ISE chief ready to go toe-to-toe on Europe’s trading floors – and mosh pits
Heavy metal fan Daryl Byrne has a ‘clear vision’ for taking the newly rebranded Euronext Dublin on to the world stage
ISE chief executive Daryl Byrne: “I think the second half of the year is more likely when we could see companies coming to the market.” Photograph: Dara Mac Donaill
Daryl Byrne, the Irish Stock Exchange’s (ISE) chief executive of five months, has been clocking up the air miles of late.
Less than a year after the Dublin exchange abandoned its independence to join pan-European exchange operator Euronext, Byrne has found himself as part of a team that’s love-bombing the group’s latest target: Oslo Bors.
“Since the beginning of the year I’ve been up there [in Norway] five times,” says Byrne (47). “My involvement is really around outlining the benefits that Euronext can bring to a local, independent exchange, and what it can offer in terms of supporting the growth of that exchange in a local market and within an integrated group as well.”
So far, Oslo Bors’ chief executive Bente Landsnes isn’t buying it.
While Euronext already owns 5.3 per cent of the Norwegian bourse and has mopped up enough shareholder commitments to take it over the 50 per cent mark after raising its bid early last month, Landsnes and her board are backing rival bidder, Nasdaq, saying the New York group is a “better fit” for one of the few remaining standalone exchanges in Europe.
Byrne’s predecessor, Deirdre Somers, was something of a late convert to the attractions of Euronext, having spent much of her 11-year tenure resisting a wave of consolidation in the industry – and arguing that the Franco-Dutch group, in particular, had “destroyed” the financial “ecosystems” in other European cities.
Somers changed her tune by the time a deal was announced in November 2017, saying her “words in the past” reflected a different Euronext, which had been under the de facto ownership of the New York Stock Exchange (NYSE) between 2007 and 2013, before managing to break free in its own 2014 flotation.
The spectre of Brexit was the tipping factor for the ISE to seek a partner two years ago, according to Byrne. But there were other considerations. The exchange’s owners, a group of Dublin stockbrokers – who had shared in a €27.5 million pot of excess cash as the ISE’s structure was reorganised in 2014 – were keen to get hold of additional money from an outright sale.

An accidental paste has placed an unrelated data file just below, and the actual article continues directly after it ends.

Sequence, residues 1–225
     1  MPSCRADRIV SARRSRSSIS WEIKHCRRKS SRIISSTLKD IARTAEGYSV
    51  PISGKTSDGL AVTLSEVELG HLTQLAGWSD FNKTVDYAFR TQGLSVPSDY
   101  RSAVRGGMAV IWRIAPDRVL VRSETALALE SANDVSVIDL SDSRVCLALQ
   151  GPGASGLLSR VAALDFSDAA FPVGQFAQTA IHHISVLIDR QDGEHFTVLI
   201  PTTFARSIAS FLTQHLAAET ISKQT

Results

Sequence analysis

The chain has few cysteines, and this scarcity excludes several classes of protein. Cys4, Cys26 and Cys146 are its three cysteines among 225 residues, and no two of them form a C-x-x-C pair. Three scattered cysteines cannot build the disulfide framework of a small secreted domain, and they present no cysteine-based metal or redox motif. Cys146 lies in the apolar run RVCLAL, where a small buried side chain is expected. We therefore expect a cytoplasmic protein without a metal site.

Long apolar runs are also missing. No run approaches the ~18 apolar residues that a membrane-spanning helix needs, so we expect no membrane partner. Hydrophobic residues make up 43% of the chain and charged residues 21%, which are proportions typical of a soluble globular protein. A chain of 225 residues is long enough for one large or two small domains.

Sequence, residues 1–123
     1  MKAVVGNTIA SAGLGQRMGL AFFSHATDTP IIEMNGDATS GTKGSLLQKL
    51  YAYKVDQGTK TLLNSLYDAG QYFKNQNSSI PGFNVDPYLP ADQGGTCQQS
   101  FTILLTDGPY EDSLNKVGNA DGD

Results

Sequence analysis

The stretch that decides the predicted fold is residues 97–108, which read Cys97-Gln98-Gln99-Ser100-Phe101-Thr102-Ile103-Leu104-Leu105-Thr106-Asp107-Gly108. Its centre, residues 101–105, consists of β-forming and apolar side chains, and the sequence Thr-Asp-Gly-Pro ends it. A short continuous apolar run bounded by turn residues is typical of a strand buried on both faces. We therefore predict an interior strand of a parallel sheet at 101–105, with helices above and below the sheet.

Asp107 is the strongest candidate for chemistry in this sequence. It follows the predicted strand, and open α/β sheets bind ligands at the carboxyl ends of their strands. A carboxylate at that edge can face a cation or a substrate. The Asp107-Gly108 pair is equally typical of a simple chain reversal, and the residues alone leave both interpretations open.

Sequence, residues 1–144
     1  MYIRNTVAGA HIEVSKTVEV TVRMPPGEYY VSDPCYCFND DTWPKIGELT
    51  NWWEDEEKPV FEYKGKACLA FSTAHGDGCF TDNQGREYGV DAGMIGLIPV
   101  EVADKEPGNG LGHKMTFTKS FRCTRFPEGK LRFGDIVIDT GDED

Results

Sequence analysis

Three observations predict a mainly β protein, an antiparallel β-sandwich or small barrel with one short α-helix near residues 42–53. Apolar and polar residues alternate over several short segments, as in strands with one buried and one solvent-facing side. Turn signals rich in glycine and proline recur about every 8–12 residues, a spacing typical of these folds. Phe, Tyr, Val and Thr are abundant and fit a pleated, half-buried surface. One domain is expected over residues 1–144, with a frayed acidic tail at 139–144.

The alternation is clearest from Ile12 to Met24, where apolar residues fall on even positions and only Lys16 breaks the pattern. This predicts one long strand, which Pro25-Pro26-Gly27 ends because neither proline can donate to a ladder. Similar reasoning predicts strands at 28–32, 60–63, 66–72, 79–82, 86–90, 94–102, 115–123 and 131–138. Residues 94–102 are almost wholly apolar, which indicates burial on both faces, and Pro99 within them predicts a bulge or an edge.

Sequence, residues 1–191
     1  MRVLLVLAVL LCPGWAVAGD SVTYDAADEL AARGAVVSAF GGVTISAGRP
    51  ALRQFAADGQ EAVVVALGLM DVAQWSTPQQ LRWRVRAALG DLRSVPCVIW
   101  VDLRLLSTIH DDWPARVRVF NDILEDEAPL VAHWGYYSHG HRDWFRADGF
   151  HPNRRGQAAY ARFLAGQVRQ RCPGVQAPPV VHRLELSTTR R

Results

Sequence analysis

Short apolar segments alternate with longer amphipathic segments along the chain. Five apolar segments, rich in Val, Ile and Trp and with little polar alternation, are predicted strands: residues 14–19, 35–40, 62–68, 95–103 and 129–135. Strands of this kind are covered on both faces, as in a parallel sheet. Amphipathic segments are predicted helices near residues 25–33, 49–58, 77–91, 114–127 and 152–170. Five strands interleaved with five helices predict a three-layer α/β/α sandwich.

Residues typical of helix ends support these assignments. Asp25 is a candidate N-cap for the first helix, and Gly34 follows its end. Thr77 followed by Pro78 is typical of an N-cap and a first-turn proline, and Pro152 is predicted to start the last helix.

The third driver of the deal was the fact the exchange was looking to take its global leading debt and funding listings markets – which were generating most of the group’s income – to the next level.
“To develop the debt and fund listings business further would have required significant investment,” says Byrne in an interview with The Irish Times in the exchange’s storied former trading room, where shares last changed hands in June 2000 before the system went electronic.
“To do that in a transformative way probably involves some kind of M&A [mergers and acquisitions] activity.”
Euronext, established at the turn of the century through the merger of the Paris, Brussels and Amsterdam exchanges and joined two years later by the Lisbon bourse, has the kind of balance sheet that’s needed.
“As part of looking at how we can grow our business, we’re looking at other types of companies that are out there that might be complementary,” says Byrne, declining to give further details, other than to say that potential targets would be overseas.
The ISE’s sale at the end of last March delivered a €158.8 million payday for Davy, Goodbody Stockbrokers, Investec, Cantor Fitzgerald and Campbell O’Connor. Cash windfalls and top executive bonuses tied to the deal boosted Somers’ 2017 remuneration to €5.75 million. She left the company last September, saying she’d “decided to begin the next chapter of my business career”.
Windfall Byrne, an accountant by background who
joined the ISE in 2000, wasn’t among the lucky windfall recipients.
Euronext’s annual results, published on February 14th, showed that Euronext Dublin, as the ISE has been rebranded, contributed almost €25 million of revenue in its first nine months as part of the Amsterdam-headquartered group. The business’s registered name remains the Irish Stock Exchange.
Euronext Dublin’s move last month onto the group’s trading system, Optiq, is potentially transformative. It has opened the Dublin equities market to more European investors as the number of member firms trading Irish shares rose automatically from 21 to 30.
“We should see more trading in Irish companies’ securities over time,” says Byrne. Standing on its own in a hard-Brexit scenario, the exchange might have seen the opposite trend.
In the six years before Euronext showed up, a number of Irish companies – including CRH, DCC, Smurfit Kappa, Greencore and UDG Healthcare – either moved their main listing to London or quit the ISE entirely to access a deeper pool of investors.
“There are now a number of UK companies that, as part of the Brexit planning, have been looking at taking an additional listing in a European venue and Dublin is one of them,” according to Byrne.